Of course sneaking around depended upon me having a fix to wake up with. It was rare for me to hold bags for the morning. I relied on giving my dope to whoever I was running with at the time to hold down for me.
I knew the importance of my wake-up, but it didn’t matter. If I had dope on my I couldn’t sleep. It’s like the shit would haunt my dreams. Taunt me and call to me to fix it up, in the middle of the night.
Staying with the family meant I was on my own. It’s not like I could give my mom a bundle to hold onto for the morning.
In a perfect workd, I could just say, “Mom? Will you hold this for me until tomorrow morning?” I hand a small packet of glassine bags neatly rubberbanded together.and instruct her too, “not give it to me –NOT give it to me, no matter what I said, until tomorrow morning. Anytime after 6 o’clock AM is totally cool, ma. Thanks. Love you.”
“No problem honey. Whatever you need. I love you, too”
There was nothing good about having to cop dope, in Utica, NY on Christmas morning. It meant trouble and frustration. First I had to find someone to meet me and then figure out how to do it fast. And nothing about copping dope, upstate is fast.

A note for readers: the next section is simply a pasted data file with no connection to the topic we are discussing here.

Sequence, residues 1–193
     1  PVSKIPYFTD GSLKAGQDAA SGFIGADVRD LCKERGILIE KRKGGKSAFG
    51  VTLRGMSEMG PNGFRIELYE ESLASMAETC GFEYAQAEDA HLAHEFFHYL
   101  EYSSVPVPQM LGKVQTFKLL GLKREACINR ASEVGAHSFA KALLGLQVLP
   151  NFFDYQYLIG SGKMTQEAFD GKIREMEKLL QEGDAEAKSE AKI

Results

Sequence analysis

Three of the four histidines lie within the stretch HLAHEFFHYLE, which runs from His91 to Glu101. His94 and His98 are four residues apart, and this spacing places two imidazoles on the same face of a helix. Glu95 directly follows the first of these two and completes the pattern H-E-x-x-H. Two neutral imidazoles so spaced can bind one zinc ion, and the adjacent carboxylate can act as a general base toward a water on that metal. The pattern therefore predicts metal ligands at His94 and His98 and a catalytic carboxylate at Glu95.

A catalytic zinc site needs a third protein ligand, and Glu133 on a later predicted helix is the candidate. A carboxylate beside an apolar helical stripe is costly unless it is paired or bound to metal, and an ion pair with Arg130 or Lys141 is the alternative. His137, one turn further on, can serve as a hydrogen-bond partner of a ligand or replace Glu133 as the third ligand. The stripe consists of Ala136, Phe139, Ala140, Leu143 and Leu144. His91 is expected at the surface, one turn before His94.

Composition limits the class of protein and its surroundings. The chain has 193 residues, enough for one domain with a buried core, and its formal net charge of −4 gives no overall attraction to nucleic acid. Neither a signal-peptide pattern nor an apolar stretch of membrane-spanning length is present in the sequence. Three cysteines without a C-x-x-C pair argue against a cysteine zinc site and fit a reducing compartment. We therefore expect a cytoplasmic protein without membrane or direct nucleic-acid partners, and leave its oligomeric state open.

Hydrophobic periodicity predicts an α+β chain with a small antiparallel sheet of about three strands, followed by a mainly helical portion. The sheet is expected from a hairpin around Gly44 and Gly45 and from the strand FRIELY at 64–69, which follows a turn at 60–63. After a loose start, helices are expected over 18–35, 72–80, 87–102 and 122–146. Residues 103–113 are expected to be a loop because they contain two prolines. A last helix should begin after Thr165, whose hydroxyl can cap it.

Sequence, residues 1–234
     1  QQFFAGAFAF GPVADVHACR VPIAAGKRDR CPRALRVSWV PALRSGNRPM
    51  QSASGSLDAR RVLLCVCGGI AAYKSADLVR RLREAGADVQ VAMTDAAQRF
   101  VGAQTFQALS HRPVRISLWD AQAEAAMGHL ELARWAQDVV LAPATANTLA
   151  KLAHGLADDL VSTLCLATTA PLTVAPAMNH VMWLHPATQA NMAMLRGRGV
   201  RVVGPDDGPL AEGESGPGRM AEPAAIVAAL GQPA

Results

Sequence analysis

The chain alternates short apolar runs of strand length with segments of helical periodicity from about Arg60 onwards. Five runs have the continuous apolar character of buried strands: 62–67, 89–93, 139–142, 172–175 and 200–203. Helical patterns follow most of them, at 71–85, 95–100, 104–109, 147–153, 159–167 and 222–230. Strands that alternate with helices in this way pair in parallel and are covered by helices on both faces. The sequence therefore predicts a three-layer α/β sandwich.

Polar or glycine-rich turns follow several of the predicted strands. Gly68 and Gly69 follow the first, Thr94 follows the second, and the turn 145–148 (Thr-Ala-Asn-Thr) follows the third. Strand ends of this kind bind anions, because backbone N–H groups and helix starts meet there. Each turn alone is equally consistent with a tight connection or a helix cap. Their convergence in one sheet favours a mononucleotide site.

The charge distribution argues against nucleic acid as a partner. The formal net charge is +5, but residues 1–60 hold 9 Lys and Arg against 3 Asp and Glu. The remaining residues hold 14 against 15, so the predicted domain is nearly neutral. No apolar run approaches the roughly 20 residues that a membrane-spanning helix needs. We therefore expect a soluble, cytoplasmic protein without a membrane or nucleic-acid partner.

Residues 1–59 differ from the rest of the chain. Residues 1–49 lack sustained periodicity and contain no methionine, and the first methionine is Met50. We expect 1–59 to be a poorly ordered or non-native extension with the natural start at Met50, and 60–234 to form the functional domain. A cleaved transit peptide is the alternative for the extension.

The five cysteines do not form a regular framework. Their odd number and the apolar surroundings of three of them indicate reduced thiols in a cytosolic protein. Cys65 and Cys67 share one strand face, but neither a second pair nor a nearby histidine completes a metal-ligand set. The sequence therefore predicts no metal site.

Once I fixed I had to be on my best behavior and avoid nodding out at the most inappropriate times. You all know you don;t get to decide when it is safe to nod out –that’s another perfrect world scenario.
Gratitude? Joy? Peace on Earth? Good will to men? Bah humbug.
Christmas morning lost its sparkle. Gratitude and joy were no longer in my vocabulary. My issues with the Catholic , religion, and God drove a spike through all religoius holidays. I looked at the holiday as aburden. I wasn’t grateful or happy to spend time with family. Instead I was filled with regret, The day was a constant reminder of just how fucked up I had become. I was earmarked for the bag of cool in my stocking year after year. It was a family holiday joke, but to me there was nothing funny about just how far I’d strayed from family values.